Few women with metastatic breast cancer live five years or longer, and predictors of long-term survival are not well understood. Researchers from the University of Pittsburgh Medical Center (UPMC) in Pennsylvania identified demographic- and disease-specific factors related to survival and presented their findings at the .
Researchers included 313 women initially diagnosed with breast cancer since 1999 at Magee-Womens Cancer Program at UPMC Hillman Cancer Center. The cohort included 122 long-term survivors (defined as at least a five-year survival from diagnosis) and 191 short-term survivors (defined as no more than two-year survival from diagnosis). Based on medical records, researchers assessed stage at initial diagnosis, body mass index (BMI), Charlson comorbidity index (CCI), age, menopausal status at initial diagnosis, tumor receptor status at initial diagnosis, site of initial metastases, time to recurrence between initial diagnosis and metastatic disease, household income, race, employment status, and partner status.
Factors associated with long-term survival included (p < 0.05):
- Younger age
- Estrogen receptor-positive disease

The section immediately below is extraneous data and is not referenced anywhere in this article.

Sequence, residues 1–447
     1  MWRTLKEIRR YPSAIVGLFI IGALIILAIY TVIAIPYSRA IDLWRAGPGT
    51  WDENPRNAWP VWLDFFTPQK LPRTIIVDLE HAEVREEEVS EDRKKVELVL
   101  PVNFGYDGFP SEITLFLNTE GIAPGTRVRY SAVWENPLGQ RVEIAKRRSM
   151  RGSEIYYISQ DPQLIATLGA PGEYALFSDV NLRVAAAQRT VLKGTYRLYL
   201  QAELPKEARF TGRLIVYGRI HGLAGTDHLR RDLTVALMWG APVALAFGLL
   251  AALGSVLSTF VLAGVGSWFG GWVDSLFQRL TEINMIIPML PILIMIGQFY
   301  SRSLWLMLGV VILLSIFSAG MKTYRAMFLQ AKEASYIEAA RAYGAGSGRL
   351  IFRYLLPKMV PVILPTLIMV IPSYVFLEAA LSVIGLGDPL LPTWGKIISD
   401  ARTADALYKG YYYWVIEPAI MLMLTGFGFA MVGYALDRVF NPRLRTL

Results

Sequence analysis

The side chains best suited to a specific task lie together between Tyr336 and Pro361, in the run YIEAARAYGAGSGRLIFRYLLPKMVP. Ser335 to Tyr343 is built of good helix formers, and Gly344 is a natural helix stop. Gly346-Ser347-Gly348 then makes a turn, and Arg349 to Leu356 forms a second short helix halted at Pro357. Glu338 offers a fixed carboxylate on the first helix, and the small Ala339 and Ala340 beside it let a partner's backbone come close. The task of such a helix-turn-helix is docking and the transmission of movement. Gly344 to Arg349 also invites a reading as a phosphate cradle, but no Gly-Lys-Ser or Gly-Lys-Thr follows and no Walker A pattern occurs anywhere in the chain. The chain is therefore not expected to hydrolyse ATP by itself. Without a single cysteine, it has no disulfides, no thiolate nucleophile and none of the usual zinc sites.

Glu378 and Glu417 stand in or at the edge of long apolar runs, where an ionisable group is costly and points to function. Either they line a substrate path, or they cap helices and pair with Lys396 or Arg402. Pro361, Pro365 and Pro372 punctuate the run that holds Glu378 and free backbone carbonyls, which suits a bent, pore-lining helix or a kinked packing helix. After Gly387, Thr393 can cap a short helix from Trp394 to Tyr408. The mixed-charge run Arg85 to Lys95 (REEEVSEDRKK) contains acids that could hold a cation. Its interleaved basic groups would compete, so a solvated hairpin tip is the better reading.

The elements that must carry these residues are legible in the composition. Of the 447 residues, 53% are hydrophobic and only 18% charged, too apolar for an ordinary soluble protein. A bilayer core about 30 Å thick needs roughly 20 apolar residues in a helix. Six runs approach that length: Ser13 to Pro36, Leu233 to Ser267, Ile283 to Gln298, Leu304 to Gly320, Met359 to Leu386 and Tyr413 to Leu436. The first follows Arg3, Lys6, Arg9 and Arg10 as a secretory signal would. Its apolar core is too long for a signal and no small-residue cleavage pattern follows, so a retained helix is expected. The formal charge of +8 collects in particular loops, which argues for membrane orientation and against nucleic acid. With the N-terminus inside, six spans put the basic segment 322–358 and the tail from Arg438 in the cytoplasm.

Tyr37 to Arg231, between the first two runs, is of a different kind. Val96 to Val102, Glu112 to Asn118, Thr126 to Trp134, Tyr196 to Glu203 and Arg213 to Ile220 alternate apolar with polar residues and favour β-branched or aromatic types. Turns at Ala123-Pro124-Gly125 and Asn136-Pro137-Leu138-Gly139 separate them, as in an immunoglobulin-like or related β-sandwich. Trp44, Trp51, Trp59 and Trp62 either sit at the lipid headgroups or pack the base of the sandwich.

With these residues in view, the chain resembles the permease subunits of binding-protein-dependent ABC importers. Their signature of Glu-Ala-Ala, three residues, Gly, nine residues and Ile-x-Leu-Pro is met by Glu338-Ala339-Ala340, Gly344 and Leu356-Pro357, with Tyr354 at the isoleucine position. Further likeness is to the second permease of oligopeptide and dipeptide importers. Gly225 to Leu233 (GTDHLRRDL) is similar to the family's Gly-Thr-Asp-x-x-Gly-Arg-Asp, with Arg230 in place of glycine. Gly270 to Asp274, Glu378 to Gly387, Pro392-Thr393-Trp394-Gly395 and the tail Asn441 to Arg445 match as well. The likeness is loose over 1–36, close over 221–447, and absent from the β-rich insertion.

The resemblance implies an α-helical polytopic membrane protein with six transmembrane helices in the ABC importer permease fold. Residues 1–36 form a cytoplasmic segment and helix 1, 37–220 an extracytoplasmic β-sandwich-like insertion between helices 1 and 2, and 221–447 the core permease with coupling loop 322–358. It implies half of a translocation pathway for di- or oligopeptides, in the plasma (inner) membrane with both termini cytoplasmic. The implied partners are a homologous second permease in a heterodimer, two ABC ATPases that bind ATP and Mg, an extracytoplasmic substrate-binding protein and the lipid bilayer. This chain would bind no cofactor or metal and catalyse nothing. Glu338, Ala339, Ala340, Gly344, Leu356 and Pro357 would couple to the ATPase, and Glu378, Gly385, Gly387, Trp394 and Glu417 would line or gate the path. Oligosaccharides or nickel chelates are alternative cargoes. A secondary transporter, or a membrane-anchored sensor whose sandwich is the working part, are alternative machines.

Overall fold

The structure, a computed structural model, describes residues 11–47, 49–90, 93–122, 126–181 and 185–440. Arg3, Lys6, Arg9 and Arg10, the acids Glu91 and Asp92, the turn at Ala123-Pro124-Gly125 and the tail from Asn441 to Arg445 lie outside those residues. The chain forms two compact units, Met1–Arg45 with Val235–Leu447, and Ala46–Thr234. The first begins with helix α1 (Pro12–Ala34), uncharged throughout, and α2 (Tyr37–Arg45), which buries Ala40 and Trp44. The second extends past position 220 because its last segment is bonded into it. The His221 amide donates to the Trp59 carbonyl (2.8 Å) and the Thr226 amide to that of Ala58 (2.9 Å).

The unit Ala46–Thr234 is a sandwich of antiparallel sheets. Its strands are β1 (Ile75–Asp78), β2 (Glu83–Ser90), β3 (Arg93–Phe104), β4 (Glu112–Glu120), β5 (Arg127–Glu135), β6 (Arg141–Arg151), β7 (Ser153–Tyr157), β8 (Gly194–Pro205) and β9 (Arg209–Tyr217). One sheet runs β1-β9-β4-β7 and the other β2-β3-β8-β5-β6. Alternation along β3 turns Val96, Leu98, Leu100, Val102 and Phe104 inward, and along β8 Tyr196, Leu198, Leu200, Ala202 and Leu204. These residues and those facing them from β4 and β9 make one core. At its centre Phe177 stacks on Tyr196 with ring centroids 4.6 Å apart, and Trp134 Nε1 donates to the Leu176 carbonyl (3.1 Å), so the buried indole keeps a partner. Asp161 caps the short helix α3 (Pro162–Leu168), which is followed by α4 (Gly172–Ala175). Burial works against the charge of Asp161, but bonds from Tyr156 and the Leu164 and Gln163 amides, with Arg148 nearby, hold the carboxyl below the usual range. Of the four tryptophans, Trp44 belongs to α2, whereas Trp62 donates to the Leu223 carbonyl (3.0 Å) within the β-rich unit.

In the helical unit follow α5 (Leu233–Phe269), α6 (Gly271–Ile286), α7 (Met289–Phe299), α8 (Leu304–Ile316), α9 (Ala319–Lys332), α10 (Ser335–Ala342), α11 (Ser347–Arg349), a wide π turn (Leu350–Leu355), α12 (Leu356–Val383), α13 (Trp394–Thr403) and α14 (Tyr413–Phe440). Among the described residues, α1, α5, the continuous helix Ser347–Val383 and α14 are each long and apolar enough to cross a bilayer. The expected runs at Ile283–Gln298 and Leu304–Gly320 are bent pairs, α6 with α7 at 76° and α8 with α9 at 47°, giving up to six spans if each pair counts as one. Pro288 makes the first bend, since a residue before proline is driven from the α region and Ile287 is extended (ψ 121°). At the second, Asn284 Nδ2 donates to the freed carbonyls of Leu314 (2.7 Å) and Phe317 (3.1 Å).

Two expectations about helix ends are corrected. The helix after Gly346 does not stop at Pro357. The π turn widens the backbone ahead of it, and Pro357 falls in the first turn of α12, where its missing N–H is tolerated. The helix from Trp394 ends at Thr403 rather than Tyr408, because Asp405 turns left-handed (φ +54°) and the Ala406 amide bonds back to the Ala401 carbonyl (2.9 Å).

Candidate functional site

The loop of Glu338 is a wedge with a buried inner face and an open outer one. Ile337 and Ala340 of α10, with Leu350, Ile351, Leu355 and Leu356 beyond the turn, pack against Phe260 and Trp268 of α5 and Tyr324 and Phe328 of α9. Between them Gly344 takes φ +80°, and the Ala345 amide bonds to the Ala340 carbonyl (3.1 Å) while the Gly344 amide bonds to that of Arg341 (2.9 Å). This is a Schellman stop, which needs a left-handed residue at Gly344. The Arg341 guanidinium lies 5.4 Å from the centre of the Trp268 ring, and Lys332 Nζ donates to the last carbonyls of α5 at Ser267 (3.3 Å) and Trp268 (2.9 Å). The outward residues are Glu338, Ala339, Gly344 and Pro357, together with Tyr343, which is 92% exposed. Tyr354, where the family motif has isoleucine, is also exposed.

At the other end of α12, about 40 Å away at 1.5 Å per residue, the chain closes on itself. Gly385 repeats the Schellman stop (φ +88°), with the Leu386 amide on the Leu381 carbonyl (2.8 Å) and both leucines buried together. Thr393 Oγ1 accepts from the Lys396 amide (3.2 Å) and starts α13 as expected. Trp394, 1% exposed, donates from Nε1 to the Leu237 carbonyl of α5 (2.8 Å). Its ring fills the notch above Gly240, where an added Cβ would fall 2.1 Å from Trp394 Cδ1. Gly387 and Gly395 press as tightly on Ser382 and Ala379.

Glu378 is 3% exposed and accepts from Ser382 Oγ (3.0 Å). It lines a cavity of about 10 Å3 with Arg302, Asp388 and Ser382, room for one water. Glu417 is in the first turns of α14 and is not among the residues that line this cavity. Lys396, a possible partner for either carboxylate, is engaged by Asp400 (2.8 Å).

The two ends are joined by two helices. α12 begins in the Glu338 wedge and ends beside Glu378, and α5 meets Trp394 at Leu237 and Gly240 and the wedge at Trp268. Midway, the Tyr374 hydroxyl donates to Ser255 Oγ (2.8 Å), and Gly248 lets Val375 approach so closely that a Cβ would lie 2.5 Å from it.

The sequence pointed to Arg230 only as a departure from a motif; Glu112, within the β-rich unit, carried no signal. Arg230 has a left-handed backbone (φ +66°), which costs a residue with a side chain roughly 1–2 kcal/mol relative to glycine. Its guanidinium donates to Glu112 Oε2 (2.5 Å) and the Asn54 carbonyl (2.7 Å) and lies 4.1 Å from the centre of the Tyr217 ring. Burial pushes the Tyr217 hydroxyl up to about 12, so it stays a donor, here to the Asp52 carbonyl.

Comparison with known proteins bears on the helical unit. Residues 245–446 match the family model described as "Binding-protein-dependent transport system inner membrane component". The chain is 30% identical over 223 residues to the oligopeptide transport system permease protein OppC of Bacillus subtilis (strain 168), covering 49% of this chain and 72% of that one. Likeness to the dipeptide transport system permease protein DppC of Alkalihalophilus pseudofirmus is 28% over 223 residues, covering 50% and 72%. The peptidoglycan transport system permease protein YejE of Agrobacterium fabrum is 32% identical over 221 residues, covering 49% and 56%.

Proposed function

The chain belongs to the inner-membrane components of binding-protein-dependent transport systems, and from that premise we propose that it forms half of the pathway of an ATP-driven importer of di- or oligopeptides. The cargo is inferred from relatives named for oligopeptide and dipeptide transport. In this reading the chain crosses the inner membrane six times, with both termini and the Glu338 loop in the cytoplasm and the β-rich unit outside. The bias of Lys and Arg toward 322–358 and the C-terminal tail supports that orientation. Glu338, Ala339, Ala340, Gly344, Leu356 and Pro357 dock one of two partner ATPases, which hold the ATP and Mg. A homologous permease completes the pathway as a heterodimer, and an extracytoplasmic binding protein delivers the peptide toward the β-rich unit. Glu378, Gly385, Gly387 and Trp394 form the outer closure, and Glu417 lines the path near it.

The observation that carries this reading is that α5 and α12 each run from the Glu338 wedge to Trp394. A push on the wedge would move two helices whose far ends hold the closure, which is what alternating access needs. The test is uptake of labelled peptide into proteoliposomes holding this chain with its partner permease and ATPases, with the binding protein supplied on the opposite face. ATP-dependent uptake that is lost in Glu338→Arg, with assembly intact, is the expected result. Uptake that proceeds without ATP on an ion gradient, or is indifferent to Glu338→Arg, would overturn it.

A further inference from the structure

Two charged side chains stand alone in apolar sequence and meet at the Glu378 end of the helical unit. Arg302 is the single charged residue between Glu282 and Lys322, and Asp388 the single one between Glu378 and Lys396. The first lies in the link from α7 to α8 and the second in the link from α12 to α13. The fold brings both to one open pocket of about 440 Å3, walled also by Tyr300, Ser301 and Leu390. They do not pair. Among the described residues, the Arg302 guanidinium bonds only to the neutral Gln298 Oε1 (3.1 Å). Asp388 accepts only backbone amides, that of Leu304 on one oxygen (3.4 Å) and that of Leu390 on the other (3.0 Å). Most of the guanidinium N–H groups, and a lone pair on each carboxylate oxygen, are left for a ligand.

- Progesterone receptor-positive disease
- Human epidermal growth factor receptor 2-positive disease
- Lower CCI
- Premenopausal at initial diagnosis
- Lower rates of visceral metastases
- Higher household income
- Positive partner status
Premenopausal status at initial diagnosis remained associated with long-term survival after adjusting for stage at initial diagnosis, tumor receptor status, and CCI (odds ratio [OR] = 1.96; 95% confidence interval [CI] = 1.02–3.79). Compared to short-term survivors, long-term term survivors were diagnosed with de novo metastatic disease significantly more often, and this remained significant after adjusting for age, tumor receptor status, and CCI (OR = 3.0; 95% CI = 1.6–5.4).
Time to recurrence between initial diagnosis and metastatic disease, BMI, race, and employment status did not affect survival.